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Re: Wood Grading Stamp

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I think Jordan's response is right on point...to a degree.

In general, timbers used in timber framing will _NOT_ have grading stamps
on them for many reasons.  One such reason is for appearance reasons
(timbers, especially in timber frames, are generally left exposed and a
grade stamp is not exactly a visiable pleasing thing).  If proof of
grading is required, it is generally done by way of a letter from the
trained/certified "grader".

Thus, in my opinion the arguement has merit but also is bullsh!t to quote
Jordan.  It all depends on how one looks at it.  If the arguement really
is meant to be something like "we don't put grade stamps on timbers for
aesethic reasons, but can provide proof in other manners", then it is 100%
correct.  If on the otherhand, the arguement is that "we are not providing
a grade stamp cause we don't want to and you will just have to believe
us", then they should be called on it.  So, I would suggest that a little
more information is warranted.

I would point out that some would consider the spec requirement to be too
restrictive and "bullsh!t".  Why do you need to have a grade stamp when a
letter will work, especially considering that timbers generally have a
real aesethic component.  It could be that it is a case of an engineer not
being familiar with the "standard of practice" of a particular trade.

So, I would relax a little and find out if the contractor is taking a
literal reading of the spec and does not want to provide an actual stamp
on the wood, but would provide a letter from a certified grader.  If they
resist providing such a letter at least, then something starts to smell in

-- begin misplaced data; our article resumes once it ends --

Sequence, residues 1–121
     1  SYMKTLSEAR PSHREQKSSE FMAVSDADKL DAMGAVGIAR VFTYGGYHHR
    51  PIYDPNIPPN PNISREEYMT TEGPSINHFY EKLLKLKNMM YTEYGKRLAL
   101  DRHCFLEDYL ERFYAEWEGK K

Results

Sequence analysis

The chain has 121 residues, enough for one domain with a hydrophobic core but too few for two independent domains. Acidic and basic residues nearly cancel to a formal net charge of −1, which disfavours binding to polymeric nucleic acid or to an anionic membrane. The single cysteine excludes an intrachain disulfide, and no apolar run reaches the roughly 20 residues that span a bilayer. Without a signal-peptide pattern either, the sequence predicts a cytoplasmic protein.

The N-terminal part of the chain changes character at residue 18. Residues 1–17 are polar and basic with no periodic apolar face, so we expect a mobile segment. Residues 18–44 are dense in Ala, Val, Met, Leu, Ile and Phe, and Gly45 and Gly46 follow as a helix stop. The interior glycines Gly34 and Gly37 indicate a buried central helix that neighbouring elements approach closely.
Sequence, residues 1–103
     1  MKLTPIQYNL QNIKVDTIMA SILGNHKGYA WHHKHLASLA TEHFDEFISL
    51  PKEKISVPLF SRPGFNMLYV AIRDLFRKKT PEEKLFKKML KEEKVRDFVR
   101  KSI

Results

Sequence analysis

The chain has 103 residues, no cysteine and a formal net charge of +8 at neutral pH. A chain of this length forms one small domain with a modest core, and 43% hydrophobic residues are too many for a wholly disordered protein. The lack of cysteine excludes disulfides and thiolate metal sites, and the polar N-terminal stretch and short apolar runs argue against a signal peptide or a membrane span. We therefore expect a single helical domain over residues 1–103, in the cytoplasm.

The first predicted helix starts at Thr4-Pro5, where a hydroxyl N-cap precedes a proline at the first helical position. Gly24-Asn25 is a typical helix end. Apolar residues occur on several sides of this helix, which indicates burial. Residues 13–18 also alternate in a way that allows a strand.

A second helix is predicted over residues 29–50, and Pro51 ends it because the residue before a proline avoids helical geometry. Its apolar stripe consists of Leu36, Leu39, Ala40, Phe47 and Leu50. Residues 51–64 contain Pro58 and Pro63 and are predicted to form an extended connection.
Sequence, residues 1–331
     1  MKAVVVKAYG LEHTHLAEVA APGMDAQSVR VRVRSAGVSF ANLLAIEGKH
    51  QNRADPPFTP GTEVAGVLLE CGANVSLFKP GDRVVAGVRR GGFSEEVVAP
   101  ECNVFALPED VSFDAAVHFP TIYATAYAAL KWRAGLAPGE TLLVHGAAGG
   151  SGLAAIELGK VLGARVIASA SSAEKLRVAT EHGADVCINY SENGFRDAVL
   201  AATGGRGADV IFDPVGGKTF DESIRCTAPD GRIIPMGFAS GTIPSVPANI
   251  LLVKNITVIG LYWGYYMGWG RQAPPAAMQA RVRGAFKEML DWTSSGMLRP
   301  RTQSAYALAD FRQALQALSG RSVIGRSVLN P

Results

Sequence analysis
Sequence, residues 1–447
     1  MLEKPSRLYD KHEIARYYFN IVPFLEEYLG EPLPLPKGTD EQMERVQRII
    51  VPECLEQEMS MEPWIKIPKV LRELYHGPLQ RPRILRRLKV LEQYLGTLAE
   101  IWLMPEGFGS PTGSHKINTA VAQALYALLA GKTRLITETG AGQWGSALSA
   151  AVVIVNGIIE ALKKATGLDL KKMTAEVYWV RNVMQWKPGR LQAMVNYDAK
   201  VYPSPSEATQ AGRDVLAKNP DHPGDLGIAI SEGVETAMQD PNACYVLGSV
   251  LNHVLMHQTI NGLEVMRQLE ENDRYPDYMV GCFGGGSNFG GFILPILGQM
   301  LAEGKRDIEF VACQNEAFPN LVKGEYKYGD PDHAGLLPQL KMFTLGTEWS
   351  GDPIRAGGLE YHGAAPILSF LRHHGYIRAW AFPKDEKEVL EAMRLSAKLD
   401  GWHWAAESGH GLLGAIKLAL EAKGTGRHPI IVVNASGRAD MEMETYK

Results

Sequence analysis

my opinion at that point.

Regards,

Scott (who happens to work part-time for a timber framer)
Adrian, MI

On Thu, 8 Sep 2005, Jordan Truesdell, PE wrote:

> That argument is, excuse my language, bullsh!t. I wouldn't sign off on it
> unless the timbers were massively overdesigned and I knew that I could
> make the job work with absolutely lousy wood. 
>
> The best thing to do is to make him get the timbers graded and accept a
> letter of grading from a properly trained expert.  Let him know that if
> the grade is weaker, he'll have to pay for a re-analysis and may still
> need to get stronger timbers based on your new analysis and the timeber
> grade he has.
>
> joraljim(--nospam--at)prtc.net wrote:
>
>       I designed a small wood dock structure supported on 8"x8"
>       timber elements. In the contract documents, I specified that
>       the each piece of lumber shall have a grade stamp of grading
>       agency.
>
>       The contractor provides timber elements without any stamp,
>       arguing that the timber are "rustic" elements.
>
>       Is that argument acceptable?
>
>       Jorge Jimenez, EIT
>
>
>
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